It is with relief that we have learned that the Adoption Support Fund has been granted an extension until March 2021 although all efforts now must be on trying to get mainstream funding for this service on a permanent basis.
The following report is by Stephanie Hunter with her full evaluation report available to IRCT Members in the Resources/Reports section of the website.
On the second day of National Adoption Week October 2019, Gavin Williamson the Education Secretary announced he has extended the Adoption Support Fund until March 2021. This fund was introduced on May 1 st 2015 and it provides a vital lifeline for adopted families in crisis. Adoptive parents can access up to £5000 worth of therapy each year for their adopted child/ children. To date, £130 million has been spent and close to 50,000 families have benefited. In the hours following the announcement leading commentators in relation to adoption have praised the move but expressed caution that a further expiry date has been attached to funding from the original July 2020 date. Adoption experts, wisely question the concern that an expiry date is still in place proposing the need to identify mainstream funding (Coram, Adoption UK October 17 th ).
Eligibility for the fund was widened further in April 2016 to allow Special Guardians to apply. The author notes Special Guardians need to also satisfy an eligibility criteria which differs from adoptive parents. The children living with Special Guardians must have spent a period in Local Authority care to be allowed to access the fund. Professionally, the author has encountered many families for which this can be a significant barrier for their children. It seems unfair for the grandparents, aunts and uncles who in many cases collected their related children from maternity wards and hospitals to avoid them experiencing the stress and change of periods in care. Paradoxically, their willingness to help means they are actually denied future help. Williamson (2019) noted the aim of the fund is to assist children traumatised before legal orders are made. Arguably children can be traumatised within the womb due to substance misuse and toxic stress and by the perceived rejection of birth family (Rohner, 2016) The author evaluated Sunderland council’s use of the Adoption Support Fund in 2016.
At the time of conducting this evaluation she was employed as a Senior University lecturer and was therefore aware of the policy and research background preceding the implementation of the fund. Selwyn et al (2014) conducted a significant research report in relation to adoption. To summarise, a third of adoptions were stable, however a further third required mental health input and support and the remaining third needed significant input as the children experienced severe and enduring developmental trauma and attachment difficulties. It is ineffably sad that many of the families received too little help too late and adoption disruption rates were estimated between 4 and 12%.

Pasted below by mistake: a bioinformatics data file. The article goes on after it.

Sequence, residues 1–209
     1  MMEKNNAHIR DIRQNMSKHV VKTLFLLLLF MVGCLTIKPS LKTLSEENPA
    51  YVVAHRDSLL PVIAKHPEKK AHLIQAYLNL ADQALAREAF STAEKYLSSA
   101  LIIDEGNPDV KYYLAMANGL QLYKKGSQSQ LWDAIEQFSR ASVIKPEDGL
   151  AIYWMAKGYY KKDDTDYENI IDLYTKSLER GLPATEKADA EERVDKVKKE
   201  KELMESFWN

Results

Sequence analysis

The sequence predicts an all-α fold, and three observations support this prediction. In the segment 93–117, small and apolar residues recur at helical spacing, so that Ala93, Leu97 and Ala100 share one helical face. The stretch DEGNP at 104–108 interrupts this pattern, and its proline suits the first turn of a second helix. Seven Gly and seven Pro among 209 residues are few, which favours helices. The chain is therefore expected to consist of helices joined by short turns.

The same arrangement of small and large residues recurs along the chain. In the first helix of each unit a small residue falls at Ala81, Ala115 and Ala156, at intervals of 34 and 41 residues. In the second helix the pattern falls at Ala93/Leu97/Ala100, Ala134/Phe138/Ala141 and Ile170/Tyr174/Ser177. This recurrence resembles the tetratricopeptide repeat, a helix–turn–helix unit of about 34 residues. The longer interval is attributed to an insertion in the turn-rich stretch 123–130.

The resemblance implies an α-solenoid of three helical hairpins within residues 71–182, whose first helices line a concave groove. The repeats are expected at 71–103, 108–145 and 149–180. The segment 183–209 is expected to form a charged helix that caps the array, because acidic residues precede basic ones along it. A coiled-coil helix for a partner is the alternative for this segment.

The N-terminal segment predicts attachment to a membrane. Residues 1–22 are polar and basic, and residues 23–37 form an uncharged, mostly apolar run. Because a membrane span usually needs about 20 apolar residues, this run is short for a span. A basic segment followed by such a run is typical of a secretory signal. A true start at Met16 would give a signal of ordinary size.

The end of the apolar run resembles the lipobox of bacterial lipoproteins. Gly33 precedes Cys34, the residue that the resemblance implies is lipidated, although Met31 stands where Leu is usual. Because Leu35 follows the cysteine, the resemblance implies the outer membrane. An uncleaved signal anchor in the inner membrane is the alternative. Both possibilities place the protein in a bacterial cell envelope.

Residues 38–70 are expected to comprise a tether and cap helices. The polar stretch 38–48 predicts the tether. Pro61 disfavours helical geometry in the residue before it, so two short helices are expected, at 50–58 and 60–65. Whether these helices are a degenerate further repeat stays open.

The human and financial costs for these children to experience the loss of their birth family then the family legally promised as forever are immeasurable the author also published last year a chapter within Donovan and Rushton (2019) which highlighted the significant funding issues in relation to Children’s Mental Health Services (Camhs). This further supports the concerns in relation to expiry of the adoption fund. Put simply, there will be little help available for these vulnerable children if the fund ceases as NHS Camhs have been decimated by cuts in relation to austerity.
To summarise, the author welcomes the extension of the Adoption Support Fund, as do colleagues at the Institute of Recovery from Childhood Trauma (IRCT) but given the expiration date is still in place we remain concerned for the future of services for these children. The author urges service commissioners to pro- actively conduct needs assessments locally to highlight the legal and therapeutic circumstances of traumatised children in their area. The author recently returned to NHS Camhs work. Currently in Sunderland, the city in which the author works, close to 6% of cases treated are children inLocal Authority Care. This highlights the significant and enduring mental health needs of looked after children. Approximately 539 children are in care in Sunderland many of whom require ongoing support. It is evident there is a need to gather more detailed information to ascertain figures in relation to adopted children and those living with Special Guardians. It is highly likely the figures are higher still, as Sunderland has more children in care living with connected adults than with registered foster carers, reflecting national carer recruitment challenges.
These vulnerable children need access to services which can provide responsive episodes of care to meet the complex needs of those affected by developmental trauma. Currently an expiration date is in place without a clear national picture of the number of adopted children and children placed with special guardians who need help.
Steph Hunter Dip S/W. BA. BSC, MA. Advanced Award in Social Work, PGCE, FHEA